By Suzanne Denney
Working from her own studio, Debbie Gilmer has run a full-time pottery business since 2009. But last year, her livelihood was hit hard by COVID-19 and she was forced to pivot to try to save it.
“The pandemic lockdown wasn’t all bad news,” she says now. “It forced me to retool my business, make it more flexible and diverse.”
At the onset of the pandemic in 2020, Gilmer had applied to four in-person shows in March and April, but all were cancelled. She experienced depression and didn’t touch clay for awhile. To help herself out of this funk, she took an online workshop.
In June last year, she started to do custom work again and sent a newsletter to customers to float the idea of a Studio Open House and Christmas Sale. It worked – the event went ahead with COVID-19 masking and social-distancing restrictions, and it turned out to be a great success.
But she wasn’t out of the woods yet. Gilmer continued to apply for in-person shows, but all were eventually cancelled. This cut deeper into her sales and livelihood.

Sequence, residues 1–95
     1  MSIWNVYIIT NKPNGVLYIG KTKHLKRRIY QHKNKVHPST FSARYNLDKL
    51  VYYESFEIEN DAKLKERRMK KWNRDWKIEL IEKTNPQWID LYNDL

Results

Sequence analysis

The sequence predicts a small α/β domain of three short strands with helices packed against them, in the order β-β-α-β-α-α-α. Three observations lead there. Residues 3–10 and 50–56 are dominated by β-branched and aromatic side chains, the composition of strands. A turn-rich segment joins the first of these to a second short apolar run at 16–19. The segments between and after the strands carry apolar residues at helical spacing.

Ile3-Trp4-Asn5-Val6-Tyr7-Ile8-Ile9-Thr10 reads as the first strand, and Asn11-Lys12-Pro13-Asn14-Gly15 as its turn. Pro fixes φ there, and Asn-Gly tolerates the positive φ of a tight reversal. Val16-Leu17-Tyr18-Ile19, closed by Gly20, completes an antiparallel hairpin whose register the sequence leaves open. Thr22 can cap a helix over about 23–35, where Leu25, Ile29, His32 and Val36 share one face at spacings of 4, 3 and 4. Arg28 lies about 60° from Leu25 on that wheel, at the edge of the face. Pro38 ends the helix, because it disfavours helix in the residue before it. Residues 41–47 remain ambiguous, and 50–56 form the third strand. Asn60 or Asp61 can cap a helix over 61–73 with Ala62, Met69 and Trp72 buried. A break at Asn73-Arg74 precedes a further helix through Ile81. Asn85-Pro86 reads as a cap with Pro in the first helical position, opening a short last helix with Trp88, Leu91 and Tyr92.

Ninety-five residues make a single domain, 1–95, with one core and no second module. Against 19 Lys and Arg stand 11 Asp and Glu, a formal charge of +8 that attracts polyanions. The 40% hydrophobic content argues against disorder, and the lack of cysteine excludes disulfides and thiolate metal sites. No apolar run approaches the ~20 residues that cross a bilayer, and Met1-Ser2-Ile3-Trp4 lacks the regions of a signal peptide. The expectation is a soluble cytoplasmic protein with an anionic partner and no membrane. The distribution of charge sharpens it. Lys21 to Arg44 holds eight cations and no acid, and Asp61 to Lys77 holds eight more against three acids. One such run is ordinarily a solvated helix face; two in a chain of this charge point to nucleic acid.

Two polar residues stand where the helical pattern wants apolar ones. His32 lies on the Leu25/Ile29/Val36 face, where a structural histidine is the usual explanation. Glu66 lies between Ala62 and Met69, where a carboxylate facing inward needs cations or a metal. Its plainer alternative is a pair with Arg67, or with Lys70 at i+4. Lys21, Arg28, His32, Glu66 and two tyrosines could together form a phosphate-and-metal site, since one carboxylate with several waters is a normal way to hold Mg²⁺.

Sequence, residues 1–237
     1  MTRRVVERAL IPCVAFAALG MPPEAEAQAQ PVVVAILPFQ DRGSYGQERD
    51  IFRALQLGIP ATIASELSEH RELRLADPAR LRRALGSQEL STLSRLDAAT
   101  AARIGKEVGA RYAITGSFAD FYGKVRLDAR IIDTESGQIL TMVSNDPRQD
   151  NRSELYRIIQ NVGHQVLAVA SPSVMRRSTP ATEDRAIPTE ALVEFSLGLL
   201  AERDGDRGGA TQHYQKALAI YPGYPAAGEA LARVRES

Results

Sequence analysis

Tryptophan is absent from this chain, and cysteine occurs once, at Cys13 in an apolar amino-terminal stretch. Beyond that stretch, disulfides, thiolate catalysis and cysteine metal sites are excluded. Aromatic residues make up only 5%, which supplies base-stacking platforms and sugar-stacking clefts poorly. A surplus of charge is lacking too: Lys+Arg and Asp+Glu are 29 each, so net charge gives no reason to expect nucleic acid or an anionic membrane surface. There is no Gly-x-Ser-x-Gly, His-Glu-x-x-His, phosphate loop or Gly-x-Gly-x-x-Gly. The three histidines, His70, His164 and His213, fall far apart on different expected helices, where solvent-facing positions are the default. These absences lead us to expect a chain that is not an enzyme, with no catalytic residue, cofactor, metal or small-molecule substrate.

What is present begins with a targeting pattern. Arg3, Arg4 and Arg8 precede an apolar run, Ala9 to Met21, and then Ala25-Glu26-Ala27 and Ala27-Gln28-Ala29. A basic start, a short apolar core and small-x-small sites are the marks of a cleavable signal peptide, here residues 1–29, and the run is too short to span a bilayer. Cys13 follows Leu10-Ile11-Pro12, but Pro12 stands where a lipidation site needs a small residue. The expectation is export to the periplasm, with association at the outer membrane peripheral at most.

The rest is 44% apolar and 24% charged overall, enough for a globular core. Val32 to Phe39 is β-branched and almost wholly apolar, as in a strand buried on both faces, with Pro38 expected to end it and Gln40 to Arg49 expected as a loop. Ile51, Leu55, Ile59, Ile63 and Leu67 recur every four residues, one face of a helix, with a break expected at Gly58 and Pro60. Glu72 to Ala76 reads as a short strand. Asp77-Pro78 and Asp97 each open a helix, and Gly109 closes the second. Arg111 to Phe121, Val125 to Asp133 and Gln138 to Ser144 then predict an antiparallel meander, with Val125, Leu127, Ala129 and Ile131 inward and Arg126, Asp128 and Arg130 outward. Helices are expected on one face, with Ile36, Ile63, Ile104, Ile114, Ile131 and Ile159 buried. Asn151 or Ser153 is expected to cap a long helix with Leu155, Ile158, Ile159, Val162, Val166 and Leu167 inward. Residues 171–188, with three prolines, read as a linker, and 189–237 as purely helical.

One creative alternative to in-person shows did help. The Merrickville Artists Guild organized a virtual studio tour in which artists were interviewed on camera and showed their studios online.
Another pivot was revamping her online sale portal on Square, a point-of-sale app and service. Gilmer put lots of effort into keeping it updated and maintaining inventory for online purchases. She also signed up on The Northern Kiln, an online platform for selling pottery. Sales gained some momentum but have never reached the volume of in-person events.
Still, Gilmer says these alternative outlets are helping. “Not all my eggs are in one basket anymore.”
And prospects of boosting sales back to pre-pandemic levels now look brighter with the return of in-person shows. As pandemic restrictions ease, Gilmer is busy building inventory for the Ottawa Guild of Potters Holiday Sale. The sale will take place Friday, December 10, 3–9 p.m.; Saturday, December 11, 10 a.m.–6 p.m.; and Sunday, December 12, 10 a.m.–5 p.m. in the Horticulture Building at Lansdowne Park.
“The format of the sale is uniquely cooperative,” says Gilmer. “Customers can browse displays unattended and still have access to participating potters for questions and assistance.”
Gilmer is thrilled to be heading back to normalcy after 18 months of head scratching and uncertainty. She hopes you will come see her and many other potters in person.
Suzanne Denney is a member of the sales committee of the Ottawa Guild of Potters.